Special needs transport constitutes three quarters of the city’s $1.1 billion busing budget, which Bloomberg wants to slash in half. Children with mental and physical disabilities as well as those with behavior disorders would bear the brunt of the mayor’s cuts, since senior staff would be thrown to the curb.
“I like to work with special-ed children” says Fuerges. “Some of these kids don’t come from good families. I feel like not only can I drive them but I can give them some type of education about life. I’ve seen bad kids turn to good because they can understand that I can relate to them and that’s important.”
Rather than undermining the job security of people making $35,000 a year – the average driver’s salary – critics say the city could save money by reconfiguring its complicated network of routes, a web that has grown all the more entangled during Bloomberg tenure. The mayor has closed over 100 neighborhood schools and is gradually pushing the city towards a charter school model, meaning more students traveling greater distances to get to the classroom.
Local 1181 won the job protections it is fighting for in a bitter, three-month strike in 1979 that saw New York City corrections officers step in as scabs. In what was dubbed “Operation Kiddie Lift,” jailers drove children to school in buses normally used to transport prisoners to Rikers Island – essentially, cages on wheels.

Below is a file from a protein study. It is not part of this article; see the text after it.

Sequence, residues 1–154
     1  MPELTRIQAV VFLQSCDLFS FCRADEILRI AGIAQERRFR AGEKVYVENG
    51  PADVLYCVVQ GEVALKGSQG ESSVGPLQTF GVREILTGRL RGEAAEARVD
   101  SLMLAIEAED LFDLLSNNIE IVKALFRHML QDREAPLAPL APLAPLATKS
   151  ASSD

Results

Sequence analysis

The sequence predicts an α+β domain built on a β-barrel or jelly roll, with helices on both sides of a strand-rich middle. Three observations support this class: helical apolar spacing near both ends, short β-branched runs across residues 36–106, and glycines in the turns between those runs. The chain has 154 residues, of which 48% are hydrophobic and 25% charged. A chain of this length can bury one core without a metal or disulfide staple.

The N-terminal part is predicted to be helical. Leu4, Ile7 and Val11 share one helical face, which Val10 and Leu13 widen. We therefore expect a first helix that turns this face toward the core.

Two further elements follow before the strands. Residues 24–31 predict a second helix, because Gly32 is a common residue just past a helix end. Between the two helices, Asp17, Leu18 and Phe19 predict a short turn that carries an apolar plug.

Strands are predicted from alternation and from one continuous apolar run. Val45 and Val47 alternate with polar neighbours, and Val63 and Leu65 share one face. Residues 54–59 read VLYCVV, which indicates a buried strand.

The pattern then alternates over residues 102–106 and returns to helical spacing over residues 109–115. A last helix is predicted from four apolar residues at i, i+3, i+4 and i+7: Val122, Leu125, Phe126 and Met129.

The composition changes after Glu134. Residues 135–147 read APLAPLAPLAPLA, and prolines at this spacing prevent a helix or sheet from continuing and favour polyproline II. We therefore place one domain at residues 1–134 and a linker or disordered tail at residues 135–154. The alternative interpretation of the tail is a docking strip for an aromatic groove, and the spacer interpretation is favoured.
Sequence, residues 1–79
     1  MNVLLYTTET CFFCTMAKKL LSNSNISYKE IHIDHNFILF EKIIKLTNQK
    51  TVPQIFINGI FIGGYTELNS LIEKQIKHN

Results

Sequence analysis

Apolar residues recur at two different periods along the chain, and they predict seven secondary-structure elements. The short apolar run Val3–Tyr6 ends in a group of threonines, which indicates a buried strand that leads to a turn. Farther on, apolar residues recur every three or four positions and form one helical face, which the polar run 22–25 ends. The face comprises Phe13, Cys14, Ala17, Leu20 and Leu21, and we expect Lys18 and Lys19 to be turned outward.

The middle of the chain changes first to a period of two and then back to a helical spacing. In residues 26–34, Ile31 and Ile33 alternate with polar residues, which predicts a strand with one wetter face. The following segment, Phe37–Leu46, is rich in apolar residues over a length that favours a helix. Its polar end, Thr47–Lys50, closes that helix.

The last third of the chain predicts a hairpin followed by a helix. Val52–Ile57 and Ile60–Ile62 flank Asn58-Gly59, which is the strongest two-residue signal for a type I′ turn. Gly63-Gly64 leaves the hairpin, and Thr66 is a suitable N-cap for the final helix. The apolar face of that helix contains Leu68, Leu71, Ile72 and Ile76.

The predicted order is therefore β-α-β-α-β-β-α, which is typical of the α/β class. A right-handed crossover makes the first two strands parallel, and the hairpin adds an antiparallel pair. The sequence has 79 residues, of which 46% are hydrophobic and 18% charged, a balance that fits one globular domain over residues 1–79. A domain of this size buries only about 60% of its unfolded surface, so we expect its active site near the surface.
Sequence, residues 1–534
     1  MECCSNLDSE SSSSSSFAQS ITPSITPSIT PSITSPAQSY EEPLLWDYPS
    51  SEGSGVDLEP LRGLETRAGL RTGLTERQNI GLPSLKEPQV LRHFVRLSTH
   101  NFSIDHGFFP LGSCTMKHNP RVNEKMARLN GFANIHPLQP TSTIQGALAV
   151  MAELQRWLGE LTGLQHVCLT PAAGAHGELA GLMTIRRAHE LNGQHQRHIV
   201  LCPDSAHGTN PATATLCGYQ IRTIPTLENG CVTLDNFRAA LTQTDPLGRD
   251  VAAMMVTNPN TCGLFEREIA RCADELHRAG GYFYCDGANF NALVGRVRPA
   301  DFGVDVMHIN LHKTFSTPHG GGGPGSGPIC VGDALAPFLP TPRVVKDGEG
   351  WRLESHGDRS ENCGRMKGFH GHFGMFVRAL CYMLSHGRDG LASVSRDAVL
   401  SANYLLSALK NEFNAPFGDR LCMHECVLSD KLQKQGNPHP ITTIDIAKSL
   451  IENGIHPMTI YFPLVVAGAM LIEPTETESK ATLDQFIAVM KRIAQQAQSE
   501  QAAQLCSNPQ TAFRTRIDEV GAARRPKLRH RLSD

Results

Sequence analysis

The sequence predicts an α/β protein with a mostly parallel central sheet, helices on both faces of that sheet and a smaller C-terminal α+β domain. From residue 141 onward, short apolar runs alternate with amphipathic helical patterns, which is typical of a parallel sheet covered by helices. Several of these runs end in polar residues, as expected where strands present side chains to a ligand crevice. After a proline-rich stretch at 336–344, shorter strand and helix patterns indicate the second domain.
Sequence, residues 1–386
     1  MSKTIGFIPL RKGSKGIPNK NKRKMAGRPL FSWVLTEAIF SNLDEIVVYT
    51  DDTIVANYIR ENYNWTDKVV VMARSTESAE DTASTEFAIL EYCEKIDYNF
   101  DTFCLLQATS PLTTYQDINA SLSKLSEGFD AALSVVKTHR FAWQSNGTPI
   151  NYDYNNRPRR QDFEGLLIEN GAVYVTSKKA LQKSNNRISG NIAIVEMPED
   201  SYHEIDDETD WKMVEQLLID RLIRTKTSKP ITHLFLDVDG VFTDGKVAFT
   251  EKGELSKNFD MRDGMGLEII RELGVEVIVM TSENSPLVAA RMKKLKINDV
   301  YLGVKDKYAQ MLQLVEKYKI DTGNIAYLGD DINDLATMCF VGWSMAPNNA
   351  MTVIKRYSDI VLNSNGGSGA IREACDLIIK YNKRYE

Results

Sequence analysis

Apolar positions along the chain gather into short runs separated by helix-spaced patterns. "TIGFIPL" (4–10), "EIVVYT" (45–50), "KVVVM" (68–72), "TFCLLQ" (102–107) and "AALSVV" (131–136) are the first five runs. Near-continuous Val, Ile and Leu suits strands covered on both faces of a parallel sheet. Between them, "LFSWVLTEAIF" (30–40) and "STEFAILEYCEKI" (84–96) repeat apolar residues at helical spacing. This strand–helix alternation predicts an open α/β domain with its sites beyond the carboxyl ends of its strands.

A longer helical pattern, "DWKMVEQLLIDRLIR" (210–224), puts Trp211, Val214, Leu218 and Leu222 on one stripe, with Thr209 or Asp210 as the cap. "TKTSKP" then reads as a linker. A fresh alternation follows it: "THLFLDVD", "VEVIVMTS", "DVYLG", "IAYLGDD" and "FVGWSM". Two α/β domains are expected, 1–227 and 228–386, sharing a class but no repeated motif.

This time around, if Bloomberg manages to break the union he will have succeeded where his predecessors including Edward Koch and Rudolf Giuliani failed. While Koch and Giuliani sat down with the union and negotiated, Bloomberg has not.
And that is because he’s got a weapon up his sleeve that those who came before him didn’t: complete mayoral control over the school system. Under a 2002 law that Bloomberg himself championed, the Wall Street mogul has the ability to stack the city’s Department of Education governing board with hand-picked favorites. Members of the Panel on Education Policy can be plucked off the board at any time, ensuring Bloomberg gets his way.
Mayoral control has not only been bad news for the school bus union, but teachers and students have also been hit hard under Bloomberg’s reign; 140 schools have been shuttered since Bloomberg took office in 2001. Another 27 are slated for closure this year.
Under attack from the same forces of austerity, teachers and drivers are now working together. The Movement of Rank-and-File Educators, or MORE, the social justice caucus of the union representing city teachers, has voiced support for the striking drivers, and teachers have been walking the picket-lines in front of bus depots in the wee hours of the morning.
On the other side of the aisle, a consortium of bus contractors has filed complaints with the National Labor Relations Board to force their employees back behind the wheel. They claim the Local 1181 has no right to strike since their conflict is with the city, not their employer. In the meantime, the contractors are rushing replacements through training.
All of which makes Tuesday a potential make-or-break for the strike, as the National Labor Relations Board is expected to issue its ruling. If the board emerges from its den of legal study and declares the strike legit, the battle could continue into the winter. It may be we will also see a freshman crop of scabs start attempting to wheel yellow buses out of garages.
But first, they’ll have to get past Sergio Fuerges and thousands of his colleagues who are refusing to watch their livelihoods be driven away.
• This article first appeared at Occupy.com